Marijuana enthusiasts have been cautiously excited about the pace of legalization, but they’re not the only Americans poised to benefit from new policies. According to the Marijuana Business Daily, the economic impact of weed could hit $44 billion by 2020 if current trends continue.
These numbers are based on the assumption that every dollar of money spent directly on marijuana yields an additional $3 of economic growth. This growth includes money spent in marijuana-related companies, taxes and even increased real-estate values as weed-friendly communities become more attractive to homeowners.
Colorado and Washington were the first states to legalize recreational marijuana in 2012. Legalization passed by the Obama administration in 2013 allowed these states to implement legalization law. This led to a slew of recreational legalization, decriminalization and medicinal use legalization across the country. The rest, as they say, is history.
In 2014 and 2015 Colorado collected nearly $6 billion in revenue. Washington State saw $67.5 million the first year following legalization and expects the new policy to have brought in over $1 billion by 2019.
In 2014, Oregon and Alaska joined the full-legalization bandwagon. The first month of state revenues in Oregon exceeded expectations at nearly $3.5 million. Alaska hasn’t gotten started yet, but expects anywhere from $5 billion to $20 billion in state revenue annually. Washington, D.C. has also voted to legalize recreational marijuana, but sales won’t begin until 2017 at the earliest.
An additional 19 states have legalized medical marijuana. California brings in between $59 million and $109 million in tax revenue each year. Arizona sees about $2 billion and New Mexico collects around $650,000.
These numbers only calculate revenue; they don’t include money saved. The California Attorney General’s Office estimates that legalizing recreational use of the drug could save “hundreds of millions of dollars” in spending on law enforcement, incarceration and court costs.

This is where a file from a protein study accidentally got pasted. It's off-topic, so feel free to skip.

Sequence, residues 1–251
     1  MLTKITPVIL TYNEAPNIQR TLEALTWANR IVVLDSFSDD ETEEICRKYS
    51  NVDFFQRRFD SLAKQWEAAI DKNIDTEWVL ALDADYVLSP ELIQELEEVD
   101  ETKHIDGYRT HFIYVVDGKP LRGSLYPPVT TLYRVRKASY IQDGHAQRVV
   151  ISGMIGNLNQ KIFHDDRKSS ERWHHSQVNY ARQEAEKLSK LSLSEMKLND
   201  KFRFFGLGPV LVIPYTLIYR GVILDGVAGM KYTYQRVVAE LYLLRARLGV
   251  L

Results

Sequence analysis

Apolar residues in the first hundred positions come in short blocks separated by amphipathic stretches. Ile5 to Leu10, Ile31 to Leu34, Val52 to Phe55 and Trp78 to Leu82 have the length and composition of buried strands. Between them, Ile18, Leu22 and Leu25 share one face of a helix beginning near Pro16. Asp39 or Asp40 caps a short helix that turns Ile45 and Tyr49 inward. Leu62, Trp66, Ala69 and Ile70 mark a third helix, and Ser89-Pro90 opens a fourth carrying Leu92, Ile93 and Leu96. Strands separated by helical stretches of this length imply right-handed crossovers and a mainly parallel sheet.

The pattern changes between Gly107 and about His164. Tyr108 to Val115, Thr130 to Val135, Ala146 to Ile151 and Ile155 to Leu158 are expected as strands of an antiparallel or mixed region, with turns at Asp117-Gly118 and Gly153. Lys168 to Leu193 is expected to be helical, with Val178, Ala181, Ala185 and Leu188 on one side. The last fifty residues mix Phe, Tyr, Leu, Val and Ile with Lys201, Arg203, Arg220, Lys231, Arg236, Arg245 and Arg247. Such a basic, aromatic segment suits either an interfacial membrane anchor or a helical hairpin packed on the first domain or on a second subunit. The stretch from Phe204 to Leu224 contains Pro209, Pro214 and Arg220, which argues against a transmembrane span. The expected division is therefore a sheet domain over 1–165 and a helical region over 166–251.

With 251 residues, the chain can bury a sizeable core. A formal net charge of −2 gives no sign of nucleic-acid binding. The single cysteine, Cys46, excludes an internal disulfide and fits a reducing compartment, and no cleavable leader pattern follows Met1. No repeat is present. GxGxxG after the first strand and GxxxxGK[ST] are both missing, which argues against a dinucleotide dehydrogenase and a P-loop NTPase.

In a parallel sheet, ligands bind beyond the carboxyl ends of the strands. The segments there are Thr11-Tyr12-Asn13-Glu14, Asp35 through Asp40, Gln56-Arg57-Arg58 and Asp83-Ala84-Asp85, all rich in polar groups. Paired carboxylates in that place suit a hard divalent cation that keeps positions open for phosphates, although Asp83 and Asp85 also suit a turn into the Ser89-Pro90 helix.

The icing on the cake, however, is not tax revenue but economic rejuvenation. In Colorado, an entire marijuana-based economy has popped up. At least 10,000 jobs have been created and many of them pay higher than minimum wage. Washington and Oregon are also seeing the beginnings of a marijuana-related employment boost.
A number of online services matching workers with potential employers in the industry have sprung up to help the industry along. Job board Weedhire.com boasts over 8,000 users. Nearly 1,000 jobs are currently advertised on the site and numbers are only expected to rise.
Of course, legalization activists and naysayers are still arguing over the net impact. Proponents of legalization in Ohio promise up to 35,000 new jobs and billions in state revenue. Opponents counter that no amount of job creation is worth the cost. “We’re going to flood this state with opportunities to get high,” warns Roger Geiger of the National Federation of Independent Business Ohio.
Our national legal framework also is on shaky ground. The 2013 decision to allow state sovereignty over marijuana policy is dependent on each state’s ability to keep the local industry under control. This includes preventing drug routes from impacting neighboring states. Nebraska and Oklahoma have already filed lawsuits against Colorado. They argued that the state’s marijuana policy increased illegal sales in their jurisdictions, placing undue strain on their law enforcement officials.
The Supreme Court’s recent rejection of these lawsuits is a definite win for legalization advocates, but a new administration could slow or reverse the pro-legalization policy experiments in the states.
Erin is a freelance writer, photographer and filmmaker. She is passionate about moving beyond party politics to identify pragmatic solutions to social, economic and political problems. Her writing has appeared in the Washington Times, the American Spectator, Doublethink and Scuba Diver Magazine. She spends her free time scuba diving, snowboarding and ravenously reading popular nonfiction. Erin holds a master’s degree in International Political Economy from the London School of Economics.